I met my wife in college. I was attracted to her. And she, believe it or not, slowly, over time, became attracted to me. We loved being together. We enjoyed sharing some of the same interests. We got married, in large part, because we each had much to gain from this new partnership. We both benefited. But what began as eros love became agape love when we made our wedding vows. Mutual or conditional love became unconditional love.

Where in your life has eros love become agape love? Why is it hard to not to be selfish or self-absorbed when it comes to what we want from other people?

The point is eros love has a place in relationships, and Paul now appeals to it in his relationship with Philemon.

Onesimus means "useful.” Paul in effect is saying to Philemon that Onesimus, the useful one, became useless to Philemon when he ran away. But now that Onesimus is a Christian, he has become useful again - to Paul, and perhaps, even more useful to Philemon.

You want your spouse, your kids, a friend, or someone at work to do something for you. Instead of badgering, guilting, and manipulating them into doing what you want, spend some time figuring out what those around you want.

What does your wife want from you? What would your boss get excited about if you were to do it?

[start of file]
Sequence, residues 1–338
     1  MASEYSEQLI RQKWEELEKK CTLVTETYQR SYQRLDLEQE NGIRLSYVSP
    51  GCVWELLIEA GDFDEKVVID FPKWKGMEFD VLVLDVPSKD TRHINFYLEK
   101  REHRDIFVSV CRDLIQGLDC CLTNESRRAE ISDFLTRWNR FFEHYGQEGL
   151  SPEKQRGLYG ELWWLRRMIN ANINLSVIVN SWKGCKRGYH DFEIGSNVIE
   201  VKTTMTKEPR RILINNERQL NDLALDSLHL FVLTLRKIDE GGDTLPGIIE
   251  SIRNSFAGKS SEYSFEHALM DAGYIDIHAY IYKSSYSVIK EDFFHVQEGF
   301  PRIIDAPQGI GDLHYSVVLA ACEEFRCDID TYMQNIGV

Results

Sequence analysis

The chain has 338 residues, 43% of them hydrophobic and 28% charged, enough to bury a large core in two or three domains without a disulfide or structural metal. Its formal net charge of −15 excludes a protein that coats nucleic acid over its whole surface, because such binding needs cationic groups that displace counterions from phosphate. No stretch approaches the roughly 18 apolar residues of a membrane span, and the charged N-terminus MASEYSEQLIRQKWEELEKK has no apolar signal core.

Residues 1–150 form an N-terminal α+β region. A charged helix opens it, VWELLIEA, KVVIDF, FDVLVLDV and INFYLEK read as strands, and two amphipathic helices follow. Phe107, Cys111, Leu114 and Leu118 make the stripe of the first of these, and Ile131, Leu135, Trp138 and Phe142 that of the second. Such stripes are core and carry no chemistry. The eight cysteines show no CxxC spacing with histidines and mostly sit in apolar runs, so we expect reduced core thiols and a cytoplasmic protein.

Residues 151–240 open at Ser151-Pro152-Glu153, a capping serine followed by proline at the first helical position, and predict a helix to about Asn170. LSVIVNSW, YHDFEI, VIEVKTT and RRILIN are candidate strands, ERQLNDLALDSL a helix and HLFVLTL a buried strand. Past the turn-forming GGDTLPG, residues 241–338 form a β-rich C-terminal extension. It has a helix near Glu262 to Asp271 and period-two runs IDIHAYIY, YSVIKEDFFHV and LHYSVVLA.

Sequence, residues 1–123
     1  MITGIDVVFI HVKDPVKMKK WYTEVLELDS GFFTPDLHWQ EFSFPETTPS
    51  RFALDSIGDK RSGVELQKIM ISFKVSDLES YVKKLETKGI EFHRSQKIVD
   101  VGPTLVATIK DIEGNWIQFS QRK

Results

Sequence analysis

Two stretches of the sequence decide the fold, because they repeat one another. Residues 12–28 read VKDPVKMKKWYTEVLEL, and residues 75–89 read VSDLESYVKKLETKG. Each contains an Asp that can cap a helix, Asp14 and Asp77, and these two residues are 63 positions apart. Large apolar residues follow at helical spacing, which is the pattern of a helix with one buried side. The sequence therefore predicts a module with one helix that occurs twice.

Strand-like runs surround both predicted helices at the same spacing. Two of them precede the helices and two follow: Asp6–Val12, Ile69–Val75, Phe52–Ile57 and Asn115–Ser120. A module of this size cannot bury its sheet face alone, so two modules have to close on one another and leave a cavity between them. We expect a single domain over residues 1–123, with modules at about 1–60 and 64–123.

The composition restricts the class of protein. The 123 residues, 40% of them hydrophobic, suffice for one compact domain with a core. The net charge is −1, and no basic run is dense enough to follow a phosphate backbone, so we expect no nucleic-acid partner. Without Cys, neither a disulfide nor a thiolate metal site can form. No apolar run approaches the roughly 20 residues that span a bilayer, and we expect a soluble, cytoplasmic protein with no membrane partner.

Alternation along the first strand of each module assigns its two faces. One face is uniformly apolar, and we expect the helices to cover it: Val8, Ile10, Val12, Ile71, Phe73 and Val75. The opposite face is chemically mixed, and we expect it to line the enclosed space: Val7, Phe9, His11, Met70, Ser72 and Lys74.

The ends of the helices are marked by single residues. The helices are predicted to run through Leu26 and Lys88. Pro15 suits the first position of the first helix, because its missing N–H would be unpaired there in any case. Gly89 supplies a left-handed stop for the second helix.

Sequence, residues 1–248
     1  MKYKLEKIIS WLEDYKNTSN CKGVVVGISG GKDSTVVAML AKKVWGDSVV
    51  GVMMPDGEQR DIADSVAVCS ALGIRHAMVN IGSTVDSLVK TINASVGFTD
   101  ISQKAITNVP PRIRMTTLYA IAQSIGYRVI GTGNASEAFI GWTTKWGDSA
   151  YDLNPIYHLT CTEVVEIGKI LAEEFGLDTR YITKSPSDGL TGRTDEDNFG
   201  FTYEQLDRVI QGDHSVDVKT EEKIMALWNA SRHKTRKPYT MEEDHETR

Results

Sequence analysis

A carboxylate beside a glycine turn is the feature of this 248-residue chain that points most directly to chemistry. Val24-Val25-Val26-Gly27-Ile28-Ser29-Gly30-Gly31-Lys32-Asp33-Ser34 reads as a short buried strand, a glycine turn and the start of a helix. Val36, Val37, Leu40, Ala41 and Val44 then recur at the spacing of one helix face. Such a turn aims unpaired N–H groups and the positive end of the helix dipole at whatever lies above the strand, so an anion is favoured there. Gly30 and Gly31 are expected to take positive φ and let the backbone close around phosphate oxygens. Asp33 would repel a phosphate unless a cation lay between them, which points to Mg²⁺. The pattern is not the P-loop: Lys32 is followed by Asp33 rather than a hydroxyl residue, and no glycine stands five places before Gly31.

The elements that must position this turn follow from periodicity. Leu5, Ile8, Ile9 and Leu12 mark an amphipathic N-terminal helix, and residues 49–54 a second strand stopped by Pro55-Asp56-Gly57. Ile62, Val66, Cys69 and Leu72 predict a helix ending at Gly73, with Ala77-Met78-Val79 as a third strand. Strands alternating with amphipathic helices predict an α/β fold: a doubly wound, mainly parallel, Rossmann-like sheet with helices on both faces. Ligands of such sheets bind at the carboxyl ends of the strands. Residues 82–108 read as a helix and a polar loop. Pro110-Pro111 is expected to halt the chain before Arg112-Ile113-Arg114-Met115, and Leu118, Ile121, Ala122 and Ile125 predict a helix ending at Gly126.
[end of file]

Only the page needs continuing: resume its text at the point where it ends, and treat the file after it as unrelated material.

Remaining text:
How can you be a positive force in the wants and needs of those around you? And how might these things help you get what you want?

Sometimes our wants can line up. "We both get what we want.”

Sometimes it just takes a little tweaking. "If we change this or that, we both can get what we want.”

Sometimes we will have to compromise. "Let's meet in the middle.” Neither of us gets exactly what we want, but it's close enough.

Sometimes it will be an exchange. "You do this for me, and I will do that for you.”

Some of you are saying to yourselves that you have tried this with the people close to you and it just doesn't work.

Why doesn't this always work?

Because we often sabotage the process. How? By not going for the mutual benefit. We pretend that we are interested in a mutual benefit, but we are just doing whatever it takes to get what we want.

Why is it hard to not to be selfish or self-absorbed when it comes to what we want from other people?

Appealing to a mutual benefit is not just some technique that one can employ to get the other person to give you what you want. You must truly care about the other person's benefit.


What does the name "Onesimus” mean?

The primary concern of Philemon was the loss of a slave who was useful but, after he escaped, became useless. Under Paul's influence, however, he became useful again both to Philemon and to Paul. Why is it easier to get "buy-in” from someone you are trying to influence when you show them what they might gain in the bargain?

How are friendships built on mutual benefits?

What happens to a friendship when one person does most of the benefiting and the other does most of the giving?

Exodus 20:12 "Honor your father and your mother, so that you may live long in the land the Lord your God is giving you.”

According to Exodus 20, what are parents supposed to get? What do sons and daughters get?

How do most of God's laws for us do something for God and something for us?

Can you think of a situation where you wanted something from someone but your approach to getting it was all wrong?

How might you rethink this situation in terms of mutual benefits?

Last modified: Monday, August 13, 2018, 9:08 AM